Can a physician predict the clinical response to first-line immunomodulatory treatment in relapsing–remitting multiple sclerosis?
Zsolt Mezei,1 Daniel Bereczki,1,2 Lilla Racz,1 Laszlo Csiba,1 Tunde Csepany1
1Department of Neurology, University of Debrecen, Debrecen, Hungary; 2Department of Neurology, Semmelweis University, Budapest, Hungary
Background: Decreased relapse rate and slower disease progression have been reported with long-term use of immunomodulatory treatments (IMTs, interferon beta or glatiramer acetate) in relapsing–remitting multiple sclerosis. There are, however, patients who do not respond to such treatments, and they can be potential candidates for alternative therapeutic approaches.
Objective: To identify clinical factors as possible predictors of poor long-term response.
Methods: A 9-year prospective, continuous follow-up at a single center in Hungary to assess clinical efficacy of IMT.
Results: In a patient group of 81 subjects with mean IMT duration of 54 ± 33 months, treatment efficacy expressed as annual relapse rate and change in clinical severity from baseline did not depend on the specific IMT (any of the interferon betas or glatiramer acetate), and on mono- or multifocal features of the initial appearance of the disease. Responders had shorter disease duration and milder clinical signs at the initiation of treatment. Relapse-rate reduction in the initial 2 years of treatment predicted clinical efficacy in subsequent years.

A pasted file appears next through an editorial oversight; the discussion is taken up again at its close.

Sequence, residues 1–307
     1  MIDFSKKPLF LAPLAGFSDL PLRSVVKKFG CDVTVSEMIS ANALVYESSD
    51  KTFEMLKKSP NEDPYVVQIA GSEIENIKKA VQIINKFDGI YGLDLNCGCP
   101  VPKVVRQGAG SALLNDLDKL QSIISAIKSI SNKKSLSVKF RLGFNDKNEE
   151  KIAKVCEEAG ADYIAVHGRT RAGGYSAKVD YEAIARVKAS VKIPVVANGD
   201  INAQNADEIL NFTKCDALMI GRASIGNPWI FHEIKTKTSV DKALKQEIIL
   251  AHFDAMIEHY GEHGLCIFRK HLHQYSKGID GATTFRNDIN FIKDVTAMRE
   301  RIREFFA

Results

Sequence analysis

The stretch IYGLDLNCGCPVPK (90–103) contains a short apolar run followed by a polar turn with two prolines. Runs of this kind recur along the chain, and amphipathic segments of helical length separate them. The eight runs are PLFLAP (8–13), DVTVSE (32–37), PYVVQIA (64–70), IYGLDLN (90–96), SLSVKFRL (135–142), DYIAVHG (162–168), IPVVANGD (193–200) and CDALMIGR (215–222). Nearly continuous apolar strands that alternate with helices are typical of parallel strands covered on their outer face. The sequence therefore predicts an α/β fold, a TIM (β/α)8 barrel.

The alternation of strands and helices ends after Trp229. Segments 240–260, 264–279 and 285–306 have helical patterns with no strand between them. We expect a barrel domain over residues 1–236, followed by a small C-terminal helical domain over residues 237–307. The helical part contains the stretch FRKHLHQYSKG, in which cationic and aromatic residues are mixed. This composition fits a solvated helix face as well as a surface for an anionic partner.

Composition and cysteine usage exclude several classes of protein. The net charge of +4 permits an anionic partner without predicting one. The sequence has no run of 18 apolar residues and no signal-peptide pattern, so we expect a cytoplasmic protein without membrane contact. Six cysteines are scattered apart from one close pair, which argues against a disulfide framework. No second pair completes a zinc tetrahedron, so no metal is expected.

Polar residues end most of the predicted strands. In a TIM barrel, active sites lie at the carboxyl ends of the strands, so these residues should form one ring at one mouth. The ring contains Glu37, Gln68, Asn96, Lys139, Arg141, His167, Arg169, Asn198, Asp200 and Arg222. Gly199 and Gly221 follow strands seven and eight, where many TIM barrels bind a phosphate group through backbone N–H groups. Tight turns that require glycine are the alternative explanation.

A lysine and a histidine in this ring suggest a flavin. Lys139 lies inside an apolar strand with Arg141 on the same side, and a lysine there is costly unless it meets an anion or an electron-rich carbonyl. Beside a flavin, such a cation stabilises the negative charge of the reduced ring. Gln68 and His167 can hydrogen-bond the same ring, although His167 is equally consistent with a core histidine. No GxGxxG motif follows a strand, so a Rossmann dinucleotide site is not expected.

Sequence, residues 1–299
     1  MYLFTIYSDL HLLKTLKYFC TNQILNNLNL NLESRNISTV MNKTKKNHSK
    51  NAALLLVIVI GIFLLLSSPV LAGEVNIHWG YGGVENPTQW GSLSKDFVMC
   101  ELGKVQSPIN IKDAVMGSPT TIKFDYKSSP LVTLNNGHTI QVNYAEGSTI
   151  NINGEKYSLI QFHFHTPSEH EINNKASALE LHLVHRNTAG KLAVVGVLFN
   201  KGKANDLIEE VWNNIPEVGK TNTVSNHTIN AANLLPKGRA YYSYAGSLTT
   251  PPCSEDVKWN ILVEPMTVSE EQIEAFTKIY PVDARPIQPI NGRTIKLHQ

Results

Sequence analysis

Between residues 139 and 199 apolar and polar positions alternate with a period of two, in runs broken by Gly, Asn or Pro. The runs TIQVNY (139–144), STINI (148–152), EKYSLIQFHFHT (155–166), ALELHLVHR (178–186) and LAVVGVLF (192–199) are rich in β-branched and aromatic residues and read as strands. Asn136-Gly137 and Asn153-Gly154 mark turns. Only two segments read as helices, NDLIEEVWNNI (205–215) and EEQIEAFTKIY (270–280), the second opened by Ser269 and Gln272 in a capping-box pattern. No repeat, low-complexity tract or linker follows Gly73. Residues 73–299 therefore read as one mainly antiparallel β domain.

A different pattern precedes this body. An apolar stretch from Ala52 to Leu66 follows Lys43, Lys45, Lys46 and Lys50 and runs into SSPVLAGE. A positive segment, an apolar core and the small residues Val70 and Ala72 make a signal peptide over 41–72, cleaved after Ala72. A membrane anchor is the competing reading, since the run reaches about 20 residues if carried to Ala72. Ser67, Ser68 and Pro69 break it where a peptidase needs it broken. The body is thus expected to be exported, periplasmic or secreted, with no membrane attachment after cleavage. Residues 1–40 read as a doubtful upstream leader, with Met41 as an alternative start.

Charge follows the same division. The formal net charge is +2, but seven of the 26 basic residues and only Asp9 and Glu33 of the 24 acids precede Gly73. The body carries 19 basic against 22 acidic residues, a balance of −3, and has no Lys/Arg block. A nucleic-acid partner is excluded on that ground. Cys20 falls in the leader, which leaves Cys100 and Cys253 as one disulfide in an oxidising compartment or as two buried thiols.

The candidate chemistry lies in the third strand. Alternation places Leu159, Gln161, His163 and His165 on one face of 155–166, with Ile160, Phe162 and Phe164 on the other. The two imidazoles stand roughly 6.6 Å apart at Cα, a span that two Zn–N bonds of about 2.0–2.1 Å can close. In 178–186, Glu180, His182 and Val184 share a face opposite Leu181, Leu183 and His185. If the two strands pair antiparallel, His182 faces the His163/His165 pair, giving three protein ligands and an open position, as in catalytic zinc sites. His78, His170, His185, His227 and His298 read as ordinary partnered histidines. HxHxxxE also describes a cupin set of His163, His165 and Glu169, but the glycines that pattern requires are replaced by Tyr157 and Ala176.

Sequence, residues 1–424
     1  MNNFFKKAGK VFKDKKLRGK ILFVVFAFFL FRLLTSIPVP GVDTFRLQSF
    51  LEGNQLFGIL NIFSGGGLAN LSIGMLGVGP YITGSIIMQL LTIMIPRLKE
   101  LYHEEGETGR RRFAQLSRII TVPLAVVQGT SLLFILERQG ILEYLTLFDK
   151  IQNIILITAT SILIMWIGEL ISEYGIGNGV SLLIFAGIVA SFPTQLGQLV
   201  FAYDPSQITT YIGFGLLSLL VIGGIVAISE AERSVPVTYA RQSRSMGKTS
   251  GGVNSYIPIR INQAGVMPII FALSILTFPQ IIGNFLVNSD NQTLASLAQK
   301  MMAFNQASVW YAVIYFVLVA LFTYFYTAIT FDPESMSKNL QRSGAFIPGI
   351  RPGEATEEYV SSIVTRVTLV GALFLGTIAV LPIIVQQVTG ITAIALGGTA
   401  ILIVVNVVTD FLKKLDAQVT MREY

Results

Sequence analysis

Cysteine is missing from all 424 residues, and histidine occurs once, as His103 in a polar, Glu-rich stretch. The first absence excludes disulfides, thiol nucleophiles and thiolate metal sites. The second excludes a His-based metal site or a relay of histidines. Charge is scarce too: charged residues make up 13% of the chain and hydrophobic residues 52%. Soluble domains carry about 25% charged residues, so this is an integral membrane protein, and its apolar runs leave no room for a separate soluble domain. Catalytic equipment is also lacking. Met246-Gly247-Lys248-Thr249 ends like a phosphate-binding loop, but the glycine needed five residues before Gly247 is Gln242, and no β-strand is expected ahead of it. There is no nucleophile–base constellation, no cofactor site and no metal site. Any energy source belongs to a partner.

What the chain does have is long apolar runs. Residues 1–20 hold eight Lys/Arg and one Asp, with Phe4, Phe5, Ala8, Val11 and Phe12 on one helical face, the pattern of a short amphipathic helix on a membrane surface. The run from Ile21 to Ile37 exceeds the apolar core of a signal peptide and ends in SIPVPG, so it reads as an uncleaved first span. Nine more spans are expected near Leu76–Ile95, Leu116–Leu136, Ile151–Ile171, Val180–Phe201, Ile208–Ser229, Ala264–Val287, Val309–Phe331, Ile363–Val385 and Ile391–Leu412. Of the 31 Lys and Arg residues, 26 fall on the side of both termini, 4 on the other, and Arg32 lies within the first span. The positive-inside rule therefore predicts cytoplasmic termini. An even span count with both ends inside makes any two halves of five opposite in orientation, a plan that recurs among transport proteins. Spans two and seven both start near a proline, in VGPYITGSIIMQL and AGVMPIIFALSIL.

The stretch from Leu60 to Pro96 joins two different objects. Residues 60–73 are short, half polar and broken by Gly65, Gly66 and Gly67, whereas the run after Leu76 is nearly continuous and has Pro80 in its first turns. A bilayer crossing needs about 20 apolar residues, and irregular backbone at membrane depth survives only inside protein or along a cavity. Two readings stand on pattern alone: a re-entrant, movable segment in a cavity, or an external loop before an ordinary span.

Conclusion: Based on these observations, we suggest that a 2-year trial period is sufficient to decide on the efficacy of a specific IMT. For those with insufficient relapse reduction in the first 2 years of treatment, a different IMT or other therapeutic approaches should be recommended.
Keywords: multiple sclerosis, immunomodulatory, EDSS, relapse, response
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